My Wonderful Day

by Alan Ayckbourn
directed by Richard Hamburger
May 18, 2011June 19, 2011

Blog

Alan Ayckbourn’s Wonderful Career

By David Gardner

Born on April 12, 1939, Alan Ayckbourn just recently celebrated both his 72nd birthday and the completion of his 75th full-length play, making him one of the most prolific writers of our day. But not only prolific, this London-born playwright’s body of work has earned over 35 awards and honors, including a Tony, two Olivier Awards, two Moliere Awards, and a Special Tony for Lifetime Achievement in the Theater. In 1997 Ayckbourn was knighted for his service to the theatre, and his plays—both new and revived—continue to delight audiences in both England and America.

An interview with director Richard Hamburger

Interview by David Gardner

“You’re looking for an interesting story, depth of character, accuracy of observation, humor, and some insight into the world we live in.”

David Gardner: When you read through a script for a play you might direct, what goes through your head?

Richard Hamburger: You’re looking for the human possibilities to reveal unpredictable areas. You’re looking to see if it’s accurate to the way people actually are, rather than an idealization of how they should be. You’re looking to see whether it’s an original voice, rather than an imitation of someone else, or unduly influenced by a presently-fashionable author. You’re looking for an interesting story, depth of character, accuracy of observation, humor, and some insight into the world we live in.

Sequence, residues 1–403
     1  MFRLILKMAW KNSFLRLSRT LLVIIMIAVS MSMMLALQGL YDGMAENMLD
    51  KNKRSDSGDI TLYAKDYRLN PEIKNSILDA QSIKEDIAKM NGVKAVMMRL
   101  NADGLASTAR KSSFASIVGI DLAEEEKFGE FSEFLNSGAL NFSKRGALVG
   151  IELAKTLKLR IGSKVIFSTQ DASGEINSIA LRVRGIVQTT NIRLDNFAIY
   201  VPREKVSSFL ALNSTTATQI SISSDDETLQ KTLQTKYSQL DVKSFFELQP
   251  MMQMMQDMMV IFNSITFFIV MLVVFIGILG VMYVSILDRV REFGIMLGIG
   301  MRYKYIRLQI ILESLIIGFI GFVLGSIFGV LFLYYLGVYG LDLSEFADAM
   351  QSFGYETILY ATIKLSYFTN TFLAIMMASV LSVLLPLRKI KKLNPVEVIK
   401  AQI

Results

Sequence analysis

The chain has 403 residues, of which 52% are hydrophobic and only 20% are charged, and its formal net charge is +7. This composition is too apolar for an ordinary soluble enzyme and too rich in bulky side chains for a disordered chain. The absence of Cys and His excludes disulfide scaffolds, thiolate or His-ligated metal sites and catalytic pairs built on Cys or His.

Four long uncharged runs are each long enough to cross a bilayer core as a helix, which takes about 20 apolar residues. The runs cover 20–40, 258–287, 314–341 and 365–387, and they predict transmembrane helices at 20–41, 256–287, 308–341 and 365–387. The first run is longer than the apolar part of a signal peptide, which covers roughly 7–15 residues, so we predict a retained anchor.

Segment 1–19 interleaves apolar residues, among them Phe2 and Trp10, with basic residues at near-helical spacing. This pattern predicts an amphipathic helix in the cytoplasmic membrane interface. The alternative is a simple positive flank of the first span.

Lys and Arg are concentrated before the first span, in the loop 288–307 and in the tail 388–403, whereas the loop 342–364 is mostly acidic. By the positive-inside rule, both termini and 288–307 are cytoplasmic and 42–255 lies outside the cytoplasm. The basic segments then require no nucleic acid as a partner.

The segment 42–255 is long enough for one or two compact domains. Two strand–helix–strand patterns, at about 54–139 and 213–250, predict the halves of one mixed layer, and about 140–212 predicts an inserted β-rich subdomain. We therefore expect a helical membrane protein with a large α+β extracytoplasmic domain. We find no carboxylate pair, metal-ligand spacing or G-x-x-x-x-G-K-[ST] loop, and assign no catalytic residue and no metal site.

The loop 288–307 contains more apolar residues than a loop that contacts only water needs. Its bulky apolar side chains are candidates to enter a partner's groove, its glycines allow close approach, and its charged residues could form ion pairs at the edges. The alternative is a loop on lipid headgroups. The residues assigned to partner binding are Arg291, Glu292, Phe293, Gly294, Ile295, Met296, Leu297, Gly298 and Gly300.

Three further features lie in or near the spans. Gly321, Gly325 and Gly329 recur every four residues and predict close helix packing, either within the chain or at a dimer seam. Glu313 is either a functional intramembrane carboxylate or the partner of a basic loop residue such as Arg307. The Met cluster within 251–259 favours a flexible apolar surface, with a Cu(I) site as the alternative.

Alan Ayckbourn on My Wonderful Day

by William Steinberger

Alan Ayckbourn is one of the most prolific playwrights at work today. His output, however, extends far beyond the seventy-three plays he has authored. He is also a frequent essayist and interviewee on the subject of his work.

Ayckbourn has spoken at length about how he sees My Wonderful Day unfolding from Winnie’s perspective. The play was originally titled “Winnie’s Wonderful Day.” The change in title reflects Winnie’s role as first person viewer. The play is a children’s view of the adult world. “Adults drift away and you hear them talking in a corner,” he told the Yorkshire Post, “but you stay with [Winnie].” Interestingly, Ayckbourn’s official website notes that “prior to My Wonderful Day, children are generally heard but not seen in Alan’s plays.” As we learn about the adults that inhabit My Wonderful Day, “Winnie just observes, writes and makes us wonder: who are the children?”

Ayckbourn also sees Winnie in some ways as the most commonsensical and mature character in the play. “Her mother is a dreamer…and she says they’ll go back to the land of sunshine and you think, ‘C’mon mum get real.’” To The Press, he described, “By the age of eight or nine, you’re beginning to sort your parents out.” He further observed, “I wanted the child, Winnie, to be quite young. Young enough that the adults would misread her."